Eight of us followed the bullock cart, on foot, as we slowly made our way to a quiet remote burial spot facing the sacred hill, Arunachala. We threw flower petals on the road the entire way as is the Hindu custom. The eight young men lifted her body off the cart and gently placed it in the prepared grave.
We said brief prayers. All participated in covering her with earth. It rained for five minutes immediately after we finished--a blessing and very auspicious. The grave site was prepared beautifully. A large cluster of incense was placed on it. Camphor was burned at the foot and head. Vibhuti and cum-cum were liberally sprinkled all over . The large garland was placed on top of the dirt mound. And as is the local custom, a small pool of milk was poured on it, with a stick of incense placed in the middle--beginning and ending of life with milk.
We will miss her.
And these, dear People, are two other special stories written in the past.
Here, in this sacred land of Shiva and Bhagavan, the energy can be so intense...With the extremes of happenings unfolding in this land of magic...All of them leading One inexorably closer to the Heart.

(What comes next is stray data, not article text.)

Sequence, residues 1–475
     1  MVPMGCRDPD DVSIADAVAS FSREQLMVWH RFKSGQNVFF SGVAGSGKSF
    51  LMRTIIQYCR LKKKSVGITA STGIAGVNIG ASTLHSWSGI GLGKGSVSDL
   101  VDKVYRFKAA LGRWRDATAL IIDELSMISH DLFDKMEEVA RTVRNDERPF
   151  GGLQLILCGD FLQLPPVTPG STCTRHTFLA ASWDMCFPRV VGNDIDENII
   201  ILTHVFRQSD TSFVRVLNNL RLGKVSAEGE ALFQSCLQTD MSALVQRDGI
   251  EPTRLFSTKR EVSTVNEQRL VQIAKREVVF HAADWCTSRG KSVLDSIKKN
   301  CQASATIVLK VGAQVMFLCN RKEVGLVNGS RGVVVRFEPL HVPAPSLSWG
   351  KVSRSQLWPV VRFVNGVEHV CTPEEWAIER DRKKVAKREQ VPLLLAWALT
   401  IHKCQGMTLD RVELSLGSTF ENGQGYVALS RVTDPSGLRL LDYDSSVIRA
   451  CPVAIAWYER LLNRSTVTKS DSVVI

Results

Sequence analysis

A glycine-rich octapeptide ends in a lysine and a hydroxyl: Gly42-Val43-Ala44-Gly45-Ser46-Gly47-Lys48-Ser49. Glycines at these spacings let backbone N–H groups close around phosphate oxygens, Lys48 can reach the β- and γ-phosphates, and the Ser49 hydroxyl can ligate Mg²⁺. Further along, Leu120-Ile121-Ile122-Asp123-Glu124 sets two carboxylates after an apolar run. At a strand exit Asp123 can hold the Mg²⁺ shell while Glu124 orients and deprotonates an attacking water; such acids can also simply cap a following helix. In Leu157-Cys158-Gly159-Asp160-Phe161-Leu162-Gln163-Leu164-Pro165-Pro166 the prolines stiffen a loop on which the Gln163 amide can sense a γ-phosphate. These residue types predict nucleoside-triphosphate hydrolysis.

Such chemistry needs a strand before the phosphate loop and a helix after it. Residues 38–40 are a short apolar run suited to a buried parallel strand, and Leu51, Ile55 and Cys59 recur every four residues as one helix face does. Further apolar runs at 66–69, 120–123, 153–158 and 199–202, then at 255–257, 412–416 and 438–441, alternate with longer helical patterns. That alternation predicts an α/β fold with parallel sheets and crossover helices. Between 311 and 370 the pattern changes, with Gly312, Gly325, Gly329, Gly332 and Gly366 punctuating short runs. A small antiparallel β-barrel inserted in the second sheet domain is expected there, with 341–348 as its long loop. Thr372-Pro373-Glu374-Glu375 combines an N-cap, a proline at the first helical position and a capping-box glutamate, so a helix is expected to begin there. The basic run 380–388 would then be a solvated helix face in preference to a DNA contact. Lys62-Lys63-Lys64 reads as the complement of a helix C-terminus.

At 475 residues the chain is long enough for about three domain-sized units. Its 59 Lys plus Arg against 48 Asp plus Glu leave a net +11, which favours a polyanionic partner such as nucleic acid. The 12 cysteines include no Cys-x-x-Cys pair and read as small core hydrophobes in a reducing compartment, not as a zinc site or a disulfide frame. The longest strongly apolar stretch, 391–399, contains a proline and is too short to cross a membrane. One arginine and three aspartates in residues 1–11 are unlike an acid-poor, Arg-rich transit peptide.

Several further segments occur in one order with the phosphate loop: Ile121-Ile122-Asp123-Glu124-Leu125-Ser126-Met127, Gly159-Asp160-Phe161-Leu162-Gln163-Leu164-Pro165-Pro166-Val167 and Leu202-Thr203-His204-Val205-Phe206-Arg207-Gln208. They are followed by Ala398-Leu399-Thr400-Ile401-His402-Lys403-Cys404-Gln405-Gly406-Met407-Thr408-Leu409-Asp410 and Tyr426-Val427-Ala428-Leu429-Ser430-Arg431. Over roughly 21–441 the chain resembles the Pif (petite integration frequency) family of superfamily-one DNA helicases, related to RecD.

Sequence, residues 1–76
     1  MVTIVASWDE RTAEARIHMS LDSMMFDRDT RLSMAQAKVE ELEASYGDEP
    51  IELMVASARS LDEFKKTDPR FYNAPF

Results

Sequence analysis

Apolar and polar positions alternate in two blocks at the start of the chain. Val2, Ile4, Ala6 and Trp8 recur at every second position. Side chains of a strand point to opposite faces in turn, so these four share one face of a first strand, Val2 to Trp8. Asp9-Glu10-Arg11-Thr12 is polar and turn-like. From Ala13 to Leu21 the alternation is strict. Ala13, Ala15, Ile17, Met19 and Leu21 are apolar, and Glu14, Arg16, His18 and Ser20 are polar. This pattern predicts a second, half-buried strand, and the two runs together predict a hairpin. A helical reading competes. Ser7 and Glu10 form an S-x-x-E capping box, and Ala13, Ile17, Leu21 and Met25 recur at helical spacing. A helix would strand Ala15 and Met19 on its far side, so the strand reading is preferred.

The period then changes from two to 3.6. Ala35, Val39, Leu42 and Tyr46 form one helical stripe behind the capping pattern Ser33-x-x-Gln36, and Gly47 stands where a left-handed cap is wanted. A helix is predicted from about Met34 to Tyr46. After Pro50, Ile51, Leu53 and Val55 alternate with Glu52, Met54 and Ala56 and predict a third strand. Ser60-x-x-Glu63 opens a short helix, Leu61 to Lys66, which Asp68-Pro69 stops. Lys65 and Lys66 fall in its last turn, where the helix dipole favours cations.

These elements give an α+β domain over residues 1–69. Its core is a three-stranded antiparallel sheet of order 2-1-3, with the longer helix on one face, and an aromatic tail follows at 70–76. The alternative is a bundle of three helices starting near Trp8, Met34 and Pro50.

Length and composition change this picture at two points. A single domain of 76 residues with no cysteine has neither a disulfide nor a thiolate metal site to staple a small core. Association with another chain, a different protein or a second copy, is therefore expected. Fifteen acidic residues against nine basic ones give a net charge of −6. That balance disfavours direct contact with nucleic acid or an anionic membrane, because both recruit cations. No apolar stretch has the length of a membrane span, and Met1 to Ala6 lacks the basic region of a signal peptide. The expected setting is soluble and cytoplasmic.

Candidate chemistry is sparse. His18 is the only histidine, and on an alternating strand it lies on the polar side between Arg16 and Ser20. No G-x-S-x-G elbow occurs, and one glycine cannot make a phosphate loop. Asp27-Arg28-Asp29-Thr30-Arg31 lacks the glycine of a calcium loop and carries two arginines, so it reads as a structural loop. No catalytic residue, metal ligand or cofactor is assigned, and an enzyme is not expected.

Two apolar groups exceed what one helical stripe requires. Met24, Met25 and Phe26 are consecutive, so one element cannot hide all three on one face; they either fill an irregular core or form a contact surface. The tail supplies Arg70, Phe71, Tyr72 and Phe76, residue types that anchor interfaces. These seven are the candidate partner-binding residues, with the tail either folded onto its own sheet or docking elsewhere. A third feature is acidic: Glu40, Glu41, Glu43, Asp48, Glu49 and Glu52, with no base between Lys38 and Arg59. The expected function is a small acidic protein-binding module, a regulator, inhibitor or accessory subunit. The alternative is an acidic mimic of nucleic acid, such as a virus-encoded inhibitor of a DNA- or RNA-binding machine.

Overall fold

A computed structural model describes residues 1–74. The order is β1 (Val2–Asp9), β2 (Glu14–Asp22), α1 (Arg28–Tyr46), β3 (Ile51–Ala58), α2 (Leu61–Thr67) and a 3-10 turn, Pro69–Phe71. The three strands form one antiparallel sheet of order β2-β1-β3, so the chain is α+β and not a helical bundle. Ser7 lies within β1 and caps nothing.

Our beloved Shelter seems, almost, to have a life of its own as it unfolds--one with many, many beautiful stories happening. It has evolved to a place where it is more a Center of Healing still adhering, though, to its sanctuary and rescue shelter roots...A few stories, below.
Raghu...He's the blind dog that we've had for over a year. As you enter the veranda, he's on the left.
When Raghu first came to us he had gone thru a severe trauma, and hovered on death. He had either been hit by a vehicle or severely beaten.
He remained in a coma-like state for several weeks. For the first week, he got i.v.'s, spinal injections of an anti-inflammatory, and intramuscular injections of pain killers. Then he started getting intramuscular injections of Neurobion (vitamins). As death receded, and he started moving a little, we saw that he was blind...A lot of loving...A lot of touching and stroking...A lot of nutrition...And he started sitting up.
After several months he was able to stand, and walk a little, tho' unsteadily. He then got proton and laser therapy from a European practitioner, which helped a lot. He was able to walk pretty well, but often he'd go in repeated, tight, clockwise circles...going around and around.
We contacted Sharon Callahan, a well-known animal psychic who supports our work. She sent a floral esence remedy (similar to Bach flower remedies, but prepared specially by her). It really softened the "circling", but didn't eliminate it completely.